Biden and McCarthy Are Set to Discuss Debt Limit as Both Sides Trade Barbs

Both sides have sought to frame the discussion in favorable terms. Republicans have assailed Democrats for runaway spending, pointing to the stimulus package that Mr. Biden signed into law. They blame that spending for fueling rapid inflation last year, though price increases have since eased. Republican lawmakers say current federal debt levels are unsustainable and risk undercutting economic growth.

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Mr. Biden has said frequently that he is willing to reduce deficits by raising taxes on high earners and corporations — moves Republicans oppose. The president and his aides have tried to push Republicans into detailing specific parts of the federal budget they want to cut, betting on a voter backlash to any proposals that touch popular programs like government health care, education and retirement spending.

“Any serious conversation about economic and fiscal policy needs to start with a clear understanding of the participants’ goals and proposals,” Brian Deese, the director of the National Economic Council, and Shalanda Young, the director of the Office of Management and Budget, wrote in a memo on Tuesday.

Mr. McCarthy is expected to gather his Republican colleagues in a room beneath the Capitol on Wednesday morning to discuss the negotiations and identify red lines for raising the debt ceiling.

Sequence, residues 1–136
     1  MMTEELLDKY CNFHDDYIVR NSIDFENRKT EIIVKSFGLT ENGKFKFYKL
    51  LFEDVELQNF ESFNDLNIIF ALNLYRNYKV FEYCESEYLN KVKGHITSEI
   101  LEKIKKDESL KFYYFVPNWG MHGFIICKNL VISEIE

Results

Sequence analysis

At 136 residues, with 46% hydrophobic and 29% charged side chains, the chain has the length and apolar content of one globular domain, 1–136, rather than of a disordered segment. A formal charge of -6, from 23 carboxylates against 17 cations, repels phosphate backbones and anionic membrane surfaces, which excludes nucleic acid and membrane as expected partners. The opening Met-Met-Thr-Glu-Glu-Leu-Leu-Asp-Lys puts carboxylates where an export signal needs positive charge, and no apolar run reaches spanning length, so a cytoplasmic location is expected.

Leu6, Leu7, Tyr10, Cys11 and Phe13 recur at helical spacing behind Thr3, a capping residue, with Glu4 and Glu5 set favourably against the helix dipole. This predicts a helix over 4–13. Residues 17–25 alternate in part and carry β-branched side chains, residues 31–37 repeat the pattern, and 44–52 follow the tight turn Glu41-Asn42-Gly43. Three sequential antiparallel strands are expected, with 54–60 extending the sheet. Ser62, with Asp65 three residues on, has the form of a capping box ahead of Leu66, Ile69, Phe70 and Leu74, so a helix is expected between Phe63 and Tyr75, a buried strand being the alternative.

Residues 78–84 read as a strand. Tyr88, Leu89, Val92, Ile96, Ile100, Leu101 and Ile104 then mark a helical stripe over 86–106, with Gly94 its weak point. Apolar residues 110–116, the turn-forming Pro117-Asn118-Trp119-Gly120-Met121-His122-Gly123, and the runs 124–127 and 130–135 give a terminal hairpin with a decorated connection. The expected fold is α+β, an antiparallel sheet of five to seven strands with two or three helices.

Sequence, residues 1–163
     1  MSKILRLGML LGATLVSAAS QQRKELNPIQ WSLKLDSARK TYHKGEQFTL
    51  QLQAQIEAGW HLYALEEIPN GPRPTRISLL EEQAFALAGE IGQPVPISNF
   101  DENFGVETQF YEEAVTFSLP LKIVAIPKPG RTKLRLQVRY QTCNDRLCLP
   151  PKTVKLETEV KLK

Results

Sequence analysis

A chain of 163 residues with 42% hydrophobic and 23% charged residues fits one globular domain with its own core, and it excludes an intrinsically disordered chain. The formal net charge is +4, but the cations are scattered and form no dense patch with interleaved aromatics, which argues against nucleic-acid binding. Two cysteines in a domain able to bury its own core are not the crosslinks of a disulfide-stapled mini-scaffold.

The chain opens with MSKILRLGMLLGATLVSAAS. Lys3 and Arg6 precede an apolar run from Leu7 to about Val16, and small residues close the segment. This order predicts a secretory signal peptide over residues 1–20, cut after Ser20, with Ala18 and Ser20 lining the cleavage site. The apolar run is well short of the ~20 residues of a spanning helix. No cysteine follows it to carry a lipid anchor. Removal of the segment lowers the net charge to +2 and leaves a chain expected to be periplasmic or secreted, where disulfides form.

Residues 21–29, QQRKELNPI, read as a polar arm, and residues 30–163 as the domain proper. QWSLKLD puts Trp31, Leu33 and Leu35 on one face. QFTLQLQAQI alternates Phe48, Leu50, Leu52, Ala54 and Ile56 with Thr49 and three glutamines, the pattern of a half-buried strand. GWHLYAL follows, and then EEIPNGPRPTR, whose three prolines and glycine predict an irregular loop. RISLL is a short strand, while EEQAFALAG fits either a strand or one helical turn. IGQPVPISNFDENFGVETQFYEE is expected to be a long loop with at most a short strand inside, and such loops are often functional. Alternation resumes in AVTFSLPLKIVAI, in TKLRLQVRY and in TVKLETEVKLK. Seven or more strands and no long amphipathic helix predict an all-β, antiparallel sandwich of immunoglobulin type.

“As you can imagine, there are different factions within our party that have different ideas, and we’re trying to come together to see what that might look like over the next couple of weeks and months,” said Representative Nancy Mace of South Carolina. “It’s a conversation that we need to have. You have to have a plan. And I don’t know what that looks like yet, but that’s part of our process, having these meetings, debates and discussions, and mapping that out.”

Those meetings — termed “listening sessions” by Mr. McCarthy — were a key part of his strategy in 2011, when he needed to persuade unyielding conservative lawmakers swept into power by the Tea Party movement to vote to raise the debt ceiling.

In his Capitol office, Mr. McCarthy, then the majority whip, gently nudged holdouts into naming concessions from the Obama administration that would be substantial enough to pave the way for them to vote for a debt limit deal.


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